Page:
Bring on the Tragedy! Shakespeare on Facebook

I recently read the complete works of William Shakespeare. It took me 2 years, 9 months,  and 18 days. I talked about it a lot on Facebook.

In June of 2013, I commenced reading the tragedies.

That’s a bad idea.

Facebook post about King Lear by William Shakespeare

All kinds of crazy men.

Facebook post about King Lear by William Shakespeare

It dawns on me that more tragedy awaits.

Facebook post about a tragedy by William Shakespeare

A letter to a star-crossed lover.

Facebook post about Romeo and Juliet by William Shakespeare

In For the Long Haul: Part I

How It Began

I saw a thick, hardbound copy of The Complete Works of William Shakespeare sitting on a bookshelf at my sister’s house. She had found it at the local thrift store.

I picked it up and looked at it. The thought crossed my mind, “How awesome would it be to be a person who had read the complete works of Shakespeare?”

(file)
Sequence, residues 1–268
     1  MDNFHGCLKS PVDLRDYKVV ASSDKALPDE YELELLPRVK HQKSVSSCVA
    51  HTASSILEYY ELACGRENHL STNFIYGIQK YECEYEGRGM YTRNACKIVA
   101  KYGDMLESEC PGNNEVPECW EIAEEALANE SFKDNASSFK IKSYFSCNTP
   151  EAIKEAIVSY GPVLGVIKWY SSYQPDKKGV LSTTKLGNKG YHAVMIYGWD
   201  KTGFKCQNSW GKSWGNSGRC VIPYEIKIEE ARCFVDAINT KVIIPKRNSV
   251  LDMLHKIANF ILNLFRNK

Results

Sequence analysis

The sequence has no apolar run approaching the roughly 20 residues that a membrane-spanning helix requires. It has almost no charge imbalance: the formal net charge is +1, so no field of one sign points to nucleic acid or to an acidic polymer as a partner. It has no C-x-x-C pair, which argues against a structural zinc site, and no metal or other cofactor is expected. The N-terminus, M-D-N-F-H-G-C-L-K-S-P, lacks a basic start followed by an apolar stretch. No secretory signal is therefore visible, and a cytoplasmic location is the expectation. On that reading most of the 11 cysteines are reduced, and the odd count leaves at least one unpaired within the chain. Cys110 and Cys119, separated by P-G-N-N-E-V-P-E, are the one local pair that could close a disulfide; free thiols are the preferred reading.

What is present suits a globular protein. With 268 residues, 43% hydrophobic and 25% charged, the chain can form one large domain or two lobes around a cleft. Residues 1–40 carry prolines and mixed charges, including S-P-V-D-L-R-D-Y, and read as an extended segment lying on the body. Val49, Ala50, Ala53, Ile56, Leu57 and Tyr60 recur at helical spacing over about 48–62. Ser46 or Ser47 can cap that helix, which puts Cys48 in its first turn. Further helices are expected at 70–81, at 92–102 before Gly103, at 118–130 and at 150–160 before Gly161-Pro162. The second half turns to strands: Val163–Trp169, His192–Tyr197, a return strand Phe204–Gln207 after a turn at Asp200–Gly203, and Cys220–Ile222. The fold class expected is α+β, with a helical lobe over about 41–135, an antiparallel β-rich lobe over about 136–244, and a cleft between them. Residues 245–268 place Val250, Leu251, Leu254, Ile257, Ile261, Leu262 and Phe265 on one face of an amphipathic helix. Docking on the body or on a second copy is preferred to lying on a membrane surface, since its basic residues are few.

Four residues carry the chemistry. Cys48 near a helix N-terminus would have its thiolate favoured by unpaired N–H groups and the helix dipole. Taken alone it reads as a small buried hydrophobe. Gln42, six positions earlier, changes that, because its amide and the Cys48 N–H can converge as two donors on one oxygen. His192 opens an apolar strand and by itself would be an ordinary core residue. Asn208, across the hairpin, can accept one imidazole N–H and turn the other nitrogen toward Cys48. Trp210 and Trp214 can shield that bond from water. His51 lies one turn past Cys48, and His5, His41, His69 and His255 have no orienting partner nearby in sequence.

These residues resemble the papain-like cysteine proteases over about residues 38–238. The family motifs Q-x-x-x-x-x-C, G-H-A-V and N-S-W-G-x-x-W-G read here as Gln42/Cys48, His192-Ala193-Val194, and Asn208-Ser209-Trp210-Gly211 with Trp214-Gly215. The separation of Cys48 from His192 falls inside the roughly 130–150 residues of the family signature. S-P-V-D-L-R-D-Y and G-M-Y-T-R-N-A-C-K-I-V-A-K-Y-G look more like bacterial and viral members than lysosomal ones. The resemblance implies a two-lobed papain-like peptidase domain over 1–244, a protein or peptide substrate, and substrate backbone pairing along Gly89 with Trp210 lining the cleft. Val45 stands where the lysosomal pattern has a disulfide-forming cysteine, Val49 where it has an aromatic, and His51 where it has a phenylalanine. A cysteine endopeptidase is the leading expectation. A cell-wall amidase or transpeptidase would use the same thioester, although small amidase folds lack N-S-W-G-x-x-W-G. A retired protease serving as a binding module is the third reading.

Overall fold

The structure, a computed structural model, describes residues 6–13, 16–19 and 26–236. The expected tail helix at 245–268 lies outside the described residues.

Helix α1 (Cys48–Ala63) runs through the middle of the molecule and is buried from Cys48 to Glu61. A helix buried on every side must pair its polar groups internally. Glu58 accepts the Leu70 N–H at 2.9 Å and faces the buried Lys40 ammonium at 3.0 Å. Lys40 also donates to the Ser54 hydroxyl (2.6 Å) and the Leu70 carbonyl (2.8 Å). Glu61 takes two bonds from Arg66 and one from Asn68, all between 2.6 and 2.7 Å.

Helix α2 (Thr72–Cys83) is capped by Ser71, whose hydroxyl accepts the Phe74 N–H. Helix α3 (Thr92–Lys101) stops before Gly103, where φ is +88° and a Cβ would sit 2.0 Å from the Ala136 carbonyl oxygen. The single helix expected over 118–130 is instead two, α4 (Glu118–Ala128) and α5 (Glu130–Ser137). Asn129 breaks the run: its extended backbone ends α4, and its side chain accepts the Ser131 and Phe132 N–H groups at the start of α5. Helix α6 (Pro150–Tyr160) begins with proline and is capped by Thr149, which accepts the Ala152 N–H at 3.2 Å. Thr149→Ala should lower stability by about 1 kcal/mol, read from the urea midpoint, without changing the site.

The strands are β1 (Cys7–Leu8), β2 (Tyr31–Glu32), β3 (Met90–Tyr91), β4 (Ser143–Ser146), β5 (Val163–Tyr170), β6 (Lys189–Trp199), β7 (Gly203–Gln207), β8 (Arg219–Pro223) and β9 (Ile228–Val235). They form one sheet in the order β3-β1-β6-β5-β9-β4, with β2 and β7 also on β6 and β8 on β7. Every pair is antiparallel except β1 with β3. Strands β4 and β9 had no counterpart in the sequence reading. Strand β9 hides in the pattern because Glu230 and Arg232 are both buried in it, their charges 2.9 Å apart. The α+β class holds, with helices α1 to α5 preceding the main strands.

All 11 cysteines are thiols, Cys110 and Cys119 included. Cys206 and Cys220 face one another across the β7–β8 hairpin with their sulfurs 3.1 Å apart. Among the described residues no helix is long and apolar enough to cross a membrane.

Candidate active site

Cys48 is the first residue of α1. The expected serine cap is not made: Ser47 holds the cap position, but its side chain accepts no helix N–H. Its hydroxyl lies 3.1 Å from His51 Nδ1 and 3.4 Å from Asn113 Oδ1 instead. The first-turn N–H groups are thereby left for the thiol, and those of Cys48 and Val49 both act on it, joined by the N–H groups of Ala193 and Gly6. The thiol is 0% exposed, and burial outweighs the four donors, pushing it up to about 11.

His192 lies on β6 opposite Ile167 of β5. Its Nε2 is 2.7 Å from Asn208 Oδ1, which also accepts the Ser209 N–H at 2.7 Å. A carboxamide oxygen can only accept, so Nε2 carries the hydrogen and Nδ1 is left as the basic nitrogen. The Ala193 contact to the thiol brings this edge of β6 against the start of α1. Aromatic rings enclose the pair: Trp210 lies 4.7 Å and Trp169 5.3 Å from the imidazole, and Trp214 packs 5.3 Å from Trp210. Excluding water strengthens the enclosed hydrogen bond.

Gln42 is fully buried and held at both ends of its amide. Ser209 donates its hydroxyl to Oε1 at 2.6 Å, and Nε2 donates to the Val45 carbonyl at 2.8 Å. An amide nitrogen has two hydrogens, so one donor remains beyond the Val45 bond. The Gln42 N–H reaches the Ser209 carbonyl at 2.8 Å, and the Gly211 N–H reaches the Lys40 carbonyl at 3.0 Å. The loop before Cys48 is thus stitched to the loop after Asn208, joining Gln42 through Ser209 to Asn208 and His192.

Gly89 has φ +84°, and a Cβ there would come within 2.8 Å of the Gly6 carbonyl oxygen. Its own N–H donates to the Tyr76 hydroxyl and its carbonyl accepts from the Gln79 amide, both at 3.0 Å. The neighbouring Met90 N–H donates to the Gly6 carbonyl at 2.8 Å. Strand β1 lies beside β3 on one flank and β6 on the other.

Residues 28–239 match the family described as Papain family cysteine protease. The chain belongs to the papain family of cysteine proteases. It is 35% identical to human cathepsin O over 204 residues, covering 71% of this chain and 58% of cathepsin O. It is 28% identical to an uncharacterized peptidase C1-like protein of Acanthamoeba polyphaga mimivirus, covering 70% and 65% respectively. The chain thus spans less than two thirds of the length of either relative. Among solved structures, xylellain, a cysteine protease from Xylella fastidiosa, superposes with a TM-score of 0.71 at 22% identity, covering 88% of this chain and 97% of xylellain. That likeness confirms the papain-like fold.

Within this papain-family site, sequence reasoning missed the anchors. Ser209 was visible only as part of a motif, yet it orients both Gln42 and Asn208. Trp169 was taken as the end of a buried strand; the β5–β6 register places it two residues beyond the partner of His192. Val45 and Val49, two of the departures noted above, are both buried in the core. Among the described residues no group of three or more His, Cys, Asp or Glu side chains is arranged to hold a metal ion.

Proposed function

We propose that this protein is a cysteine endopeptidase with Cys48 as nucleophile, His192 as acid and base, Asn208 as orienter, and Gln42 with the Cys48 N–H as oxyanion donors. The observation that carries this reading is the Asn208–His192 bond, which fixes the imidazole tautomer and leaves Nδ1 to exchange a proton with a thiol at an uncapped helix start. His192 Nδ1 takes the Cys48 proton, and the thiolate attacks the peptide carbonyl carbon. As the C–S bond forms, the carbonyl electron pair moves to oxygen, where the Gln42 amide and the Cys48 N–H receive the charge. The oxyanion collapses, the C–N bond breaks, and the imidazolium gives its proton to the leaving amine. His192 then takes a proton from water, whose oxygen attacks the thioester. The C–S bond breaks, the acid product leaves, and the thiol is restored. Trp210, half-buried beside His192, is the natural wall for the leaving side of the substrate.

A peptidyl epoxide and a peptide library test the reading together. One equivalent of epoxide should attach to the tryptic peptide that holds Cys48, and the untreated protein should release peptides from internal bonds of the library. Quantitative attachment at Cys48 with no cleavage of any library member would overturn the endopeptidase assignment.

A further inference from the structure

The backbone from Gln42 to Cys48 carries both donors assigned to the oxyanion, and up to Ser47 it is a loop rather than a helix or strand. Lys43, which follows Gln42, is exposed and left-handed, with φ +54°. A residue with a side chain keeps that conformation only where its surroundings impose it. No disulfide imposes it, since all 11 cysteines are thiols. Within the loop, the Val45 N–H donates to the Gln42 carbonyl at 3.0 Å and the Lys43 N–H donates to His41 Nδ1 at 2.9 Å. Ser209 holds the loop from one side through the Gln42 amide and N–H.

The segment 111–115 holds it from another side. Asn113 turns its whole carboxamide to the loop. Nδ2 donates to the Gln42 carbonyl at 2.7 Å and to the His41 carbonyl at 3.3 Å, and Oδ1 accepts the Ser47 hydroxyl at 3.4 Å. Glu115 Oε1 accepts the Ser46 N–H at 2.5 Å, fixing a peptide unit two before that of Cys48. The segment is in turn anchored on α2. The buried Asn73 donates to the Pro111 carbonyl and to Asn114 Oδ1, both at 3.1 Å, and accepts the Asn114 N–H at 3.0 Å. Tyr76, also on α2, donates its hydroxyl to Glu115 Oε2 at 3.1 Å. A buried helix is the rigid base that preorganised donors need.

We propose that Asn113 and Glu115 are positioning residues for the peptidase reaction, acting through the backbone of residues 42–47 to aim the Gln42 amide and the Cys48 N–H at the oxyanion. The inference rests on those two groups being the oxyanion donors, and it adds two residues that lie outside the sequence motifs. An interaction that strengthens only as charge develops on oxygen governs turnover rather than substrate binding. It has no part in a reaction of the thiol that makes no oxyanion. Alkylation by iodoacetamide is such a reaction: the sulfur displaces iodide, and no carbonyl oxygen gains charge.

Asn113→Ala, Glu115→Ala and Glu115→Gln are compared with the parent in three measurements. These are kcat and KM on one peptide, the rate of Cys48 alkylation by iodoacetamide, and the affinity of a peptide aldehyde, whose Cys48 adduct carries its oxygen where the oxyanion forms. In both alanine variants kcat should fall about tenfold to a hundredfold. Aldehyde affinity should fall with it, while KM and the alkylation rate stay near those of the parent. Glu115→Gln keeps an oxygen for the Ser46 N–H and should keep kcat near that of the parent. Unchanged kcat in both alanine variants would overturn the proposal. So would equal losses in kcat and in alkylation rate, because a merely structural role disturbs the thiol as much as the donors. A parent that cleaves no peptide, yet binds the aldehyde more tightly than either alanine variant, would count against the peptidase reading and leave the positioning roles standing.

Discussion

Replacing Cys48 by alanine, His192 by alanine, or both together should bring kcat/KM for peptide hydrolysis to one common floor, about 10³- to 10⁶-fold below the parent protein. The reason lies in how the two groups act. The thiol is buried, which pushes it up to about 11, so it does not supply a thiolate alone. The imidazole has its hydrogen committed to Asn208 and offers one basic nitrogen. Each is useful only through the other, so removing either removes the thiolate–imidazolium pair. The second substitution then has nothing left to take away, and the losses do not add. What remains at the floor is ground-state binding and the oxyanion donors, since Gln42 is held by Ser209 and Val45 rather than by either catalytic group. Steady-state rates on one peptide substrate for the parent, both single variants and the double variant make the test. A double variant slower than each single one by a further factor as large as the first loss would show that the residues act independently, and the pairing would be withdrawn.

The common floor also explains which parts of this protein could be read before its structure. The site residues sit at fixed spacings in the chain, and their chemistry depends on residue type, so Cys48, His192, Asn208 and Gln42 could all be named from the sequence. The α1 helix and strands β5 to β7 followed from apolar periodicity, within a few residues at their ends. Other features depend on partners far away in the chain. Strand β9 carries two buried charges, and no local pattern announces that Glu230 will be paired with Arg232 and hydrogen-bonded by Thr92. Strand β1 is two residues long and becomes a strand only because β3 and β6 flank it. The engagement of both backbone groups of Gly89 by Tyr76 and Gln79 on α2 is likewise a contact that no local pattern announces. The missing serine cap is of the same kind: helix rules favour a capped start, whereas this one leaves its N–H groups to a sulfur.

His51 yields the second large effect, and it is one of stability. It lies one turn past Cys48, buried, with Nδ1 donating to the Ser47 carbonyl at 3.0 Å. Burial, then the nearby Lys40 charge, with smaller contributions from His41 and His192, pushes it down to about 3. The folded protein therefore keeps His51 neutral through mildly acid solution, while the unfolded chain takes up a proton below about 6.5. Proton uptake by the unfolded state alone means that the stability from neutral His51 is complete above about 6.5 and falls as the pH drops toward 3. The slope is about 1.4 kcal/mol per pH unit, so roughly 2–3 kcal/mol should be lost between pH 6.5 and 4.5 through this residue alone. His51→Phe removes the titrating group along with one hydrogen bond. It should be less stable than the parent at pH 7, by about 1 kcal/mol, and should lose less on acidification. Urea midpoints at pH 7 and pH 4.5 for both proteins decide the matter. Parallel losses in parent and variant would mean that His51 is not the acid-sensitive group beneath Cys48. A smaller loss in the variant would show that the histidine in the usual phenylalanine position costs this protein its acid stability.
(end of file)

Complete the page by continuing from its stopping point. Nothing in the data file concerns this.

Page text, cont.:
I had experienced Romeo and Juliet in junior high school—I say “experienced” because not only did I study the play in English class, I was also surrounded by lovestruck, Romeo-quoting female classmates swooning over actor Leonardo DiCaprio as Romeo in the new film adaptation Romeo + Juliet.

I had also studied Hamlet, Julius CaesarA Midsummer Night’s Dream and some sonnets in high school and college. I had seen more than one performance of A Midsummer Night’s Dream as well as performances of As You Like It, The Taming of the Shrew and All’s Well That Ends Well. And I had seen film adaptations of Twelfth Night and Much Ado About Nothing.

Altogether, a pretty scattershot reading, viewing, and screening of Shakespeare works.

So there I was, holding the book.

My sister kindly let me borrow The Complete Works. I took the book home and checked the table of contents. Then, I did a little math. If I read one play per month and then read all the poems, I would be finished with The Complete Works in three years.

Three years.

That’s a long time. And it was scary to think about being three whole years older and to think about where my life would be three years in the future.

But still.

I told myself, “The time is going to pass anyway.”

Would I rather have three years pass and have done it or have three years pass and not have done it?

I started reading in January of 2011.

Don’t be afraid. Set a long goal. The time is going to pass anyway.

Read Part II (How It Ended).